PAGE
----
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4056 A Longitudinal Study to Assess Hematopoietic Stem Cell and Immune Cell Health in Astronauts Pre-, during, and Post-Mission

Program: Oral and Poster Abstracts
Session: 501. Hematopoietic Stem and Progenitor Cells and Hematopoiesis: Basic and Translational: Poster III
Hematology Disease Topics & Pathways:
Research, genomics, hematopoiesis, immune mechanism, immunology, Biological Processes, molecular biology
Monday, December 11, 2023, 6:00 PM-8:00 PM

Jessica Pham1*, Larissa Balaian, PhD1*, Emma E Klacking, BS1*, Antonio W Ruiz, BS1*, Jenna Sneifer2*, Thomas P Frias2*, Jane Isquith, BS, MS3*, Shuvro P Nandi, PhD4*, Thomas Whisenant, Ph.D5*, Elsa Molina, PhD6*, Jana Stoudemire7*, Pinar Mesci7*, Ludmil Alexandrov, Ph.D8* and Catriona Jamieson, MD, PhD1

1Division of Regenerative Medicine, Department of Medicine, and Sanford Stem Cell Institute, UCSD, La Jolla, CA
2Division of Regenerative Medicine, UC San Diego, La Jolla
3Division of Regenerative Medicine, Department of Medicine, and Sanford Stem Cell Institute, University of California, San Diego, San Diego, CA
4Cellular and Molecular Medicine, UC San Diego, La Jolla
5Center for Computational Biology and Bioinformatics, UCSD, La Jolla, CA
6Next Generation Sequencing & Genomics Core, Salk Institute for Biological Studies, La Jolla
7In-Space Manufacturing, Axiom Space, Houston
8Bioengineering, Center for Molecular Medicine, and Sanford Stem Cell Institute, University of California, San Diego, La Jolla

The International Space Station (ISS) allows research to be done in low earth orbit (LEO), offering a uniquely accelerating environment to model disease and study human health. Studies done in microgravity can simulate models of stress, inflammation, aging, immune dysfunction, and pre-malignant transformation of stem cells. The NASA Twins Study suggests that extended periods of spaceflight may affect hematopoietic stem cell and immune cell health and function through their multi-omics approach of one ground-based twin, Mark Kelly, and one on board the ISS, Scott Kelly (Garrett-Bakelman et al., Science, 2019). A recent study also suggests an adaptive response to immune cell activity related to pre- and post-flight long-term missions after transcriptomic analysis of astronaut blood samples (Stratis, et al., Frontiers in Immunology, 2023). These studies emphasize the importance of assessing astronaut hematopoietic stem cell and immune cell function to further understand the mechanisms of cellular and molecular changes associated with time spent in LEO.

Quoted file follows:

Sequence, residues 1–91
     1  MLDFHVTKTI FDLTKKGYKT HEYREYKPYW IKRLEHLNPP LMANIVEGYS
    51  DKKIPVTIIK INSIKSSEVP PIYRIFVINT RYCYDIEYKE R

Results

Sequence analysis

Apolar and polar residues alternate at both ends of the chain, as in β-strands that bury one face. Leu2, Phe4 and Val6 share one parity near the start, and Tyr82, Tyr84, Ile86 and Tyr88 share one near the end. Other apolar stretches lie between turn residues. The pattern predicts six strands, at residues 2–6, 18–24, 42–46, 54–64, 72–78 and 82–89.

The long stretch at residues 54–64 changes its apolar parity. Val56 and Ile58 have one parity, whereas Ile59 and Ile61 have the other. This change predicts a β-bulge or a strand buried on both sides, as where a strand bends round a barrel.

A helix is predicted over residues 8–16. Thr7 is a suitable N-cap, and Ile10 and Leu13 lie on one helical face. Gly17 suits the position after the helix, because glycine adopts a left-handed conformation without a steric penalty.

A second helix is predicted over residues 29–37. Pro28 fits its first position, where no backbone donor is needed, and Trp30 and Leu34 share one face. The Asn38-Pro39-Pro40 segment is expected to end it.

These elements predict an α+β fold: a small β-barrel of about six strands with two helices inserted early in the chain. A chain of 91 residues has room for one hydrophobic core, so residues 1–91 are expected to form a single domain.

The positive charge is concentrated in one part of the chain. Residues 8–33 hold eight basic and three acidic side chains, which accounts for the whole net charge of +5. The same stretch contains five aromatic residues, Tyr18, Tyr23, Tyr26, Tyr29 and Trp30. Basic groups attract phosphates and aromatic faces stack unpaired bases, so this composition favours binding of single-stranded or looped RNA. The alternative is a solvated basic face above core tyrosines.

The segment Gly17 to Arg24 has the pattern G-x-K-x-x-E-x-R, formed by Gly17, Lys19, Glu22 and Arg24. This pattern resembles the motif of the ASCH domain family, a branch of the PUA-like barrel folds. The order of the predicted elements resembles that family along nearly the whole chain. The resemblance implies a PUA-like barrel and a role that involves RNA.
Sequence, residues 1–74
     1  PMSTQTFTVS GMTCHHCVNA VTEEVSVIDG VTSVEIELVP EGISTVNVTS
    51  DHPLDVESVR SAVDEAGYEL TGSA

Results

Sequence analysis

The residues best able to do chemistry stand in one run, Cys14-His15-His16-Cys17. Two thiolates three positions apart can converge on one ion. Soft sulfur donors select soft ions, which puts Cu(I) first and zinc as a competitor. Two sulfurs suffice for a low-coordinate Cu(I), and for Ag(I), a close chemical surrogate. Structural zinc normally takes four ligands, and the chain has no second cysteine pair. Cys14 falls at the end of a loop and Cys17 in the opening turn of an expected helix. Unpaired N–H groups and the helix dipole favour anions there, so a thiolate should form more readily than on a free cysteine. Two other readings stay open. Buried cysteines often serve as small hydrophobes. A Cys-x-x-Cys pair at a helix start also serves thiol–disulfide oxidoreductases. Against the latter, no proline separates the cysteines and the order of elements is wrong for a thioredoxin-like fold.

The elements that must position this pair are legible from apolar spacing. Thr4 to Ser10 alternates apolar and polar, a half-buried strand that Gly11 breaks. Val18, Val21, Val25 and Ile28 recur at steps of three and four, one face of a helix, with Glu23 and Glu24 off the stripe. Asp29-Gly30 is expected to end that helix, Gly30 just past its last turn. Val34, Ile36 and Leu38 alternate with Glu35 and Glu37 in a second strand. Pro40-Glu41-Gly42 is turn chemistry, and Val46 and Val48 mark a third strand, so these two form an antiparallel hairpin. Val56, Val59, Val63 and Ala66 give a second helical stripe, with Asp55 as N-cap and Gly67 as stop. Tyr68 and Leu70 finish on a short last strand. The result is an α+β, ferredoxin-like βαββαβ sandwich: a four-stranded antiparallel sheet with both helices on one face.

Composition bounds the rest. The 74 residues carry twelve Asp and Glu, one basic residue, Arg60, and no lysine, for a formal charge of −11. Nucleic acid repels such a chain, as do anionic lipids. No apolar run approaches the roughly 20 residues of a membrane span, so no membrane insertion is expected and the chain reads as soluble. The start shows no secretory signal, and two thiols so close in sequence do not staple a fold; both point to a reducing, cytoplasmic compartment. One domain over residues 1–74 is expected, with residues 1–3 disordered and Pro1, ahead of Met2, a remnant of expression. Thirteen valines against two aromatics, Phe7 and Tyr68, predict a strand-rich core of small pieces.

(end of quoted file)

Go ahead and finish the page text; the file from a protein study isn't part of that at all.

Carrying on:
We designed a longitudinal study to collect (under an IRB-approved protocol) peripheral blood from Axiom Mission 2 (Ax-2) astronauts to assess their hematopoietic stem cell and immune cell health. Timepoints include Launch-45 days, Launch-2 days, inflight, Return+1 day, Return+50 days, and yearly for 5 years. Ax-2 was a 10-day mission which launched on May 21, 2023 and splashed down on May 31, 2023. This was a private crew-tended mission with a sample size of 4 astronauts.

As part of the stem cell health and fitness assessment, we selected for CD34+ hematopoietic stem and progenitor cells (HSPCs) from the 4 private astronauts and performed functional survival and self-renewal assays from each timepoint. Preliminary results suggest that the self-renewal capacity of HSPCs decreases inflight, but upon Return+1 day, HSPCs regain their ability to clone themselves at a higher capacity than pre-flight. Furthermore, we collected HSPCs for whole genome sequencing, 10x Genomics single cell sequencing, and whole transcriptome sequencing, to analyze pre-, during, and post-flight genomic and transcriptomic changes. Analyses will be done to identify mutational burden and mutational signatures associated with each timepoint. These mutational signatures will be compared to previously identified C-to-T mutations to assess the pre-malignant status of HSPCs due to short-term spaceflight (Jiang et al., Cell Reports, 2021). In addition to assessing CD34+ HSPC health, we will also profile the immune landscape by sequencing in parallel the CD34- fraction and performing targeted FACS analysis based on initial sequencing results. We also seek to identify markers of inflammation and anti-viral response through analysis of cytokines from biobanked plasma.

This investigation has the potential to provide valuable insight into stem cell and immune cell health and fitness associated with short-duration missions in LEO.

Disclosures: No relevant conflicts of interest to declare.

*signifies non-member of ASH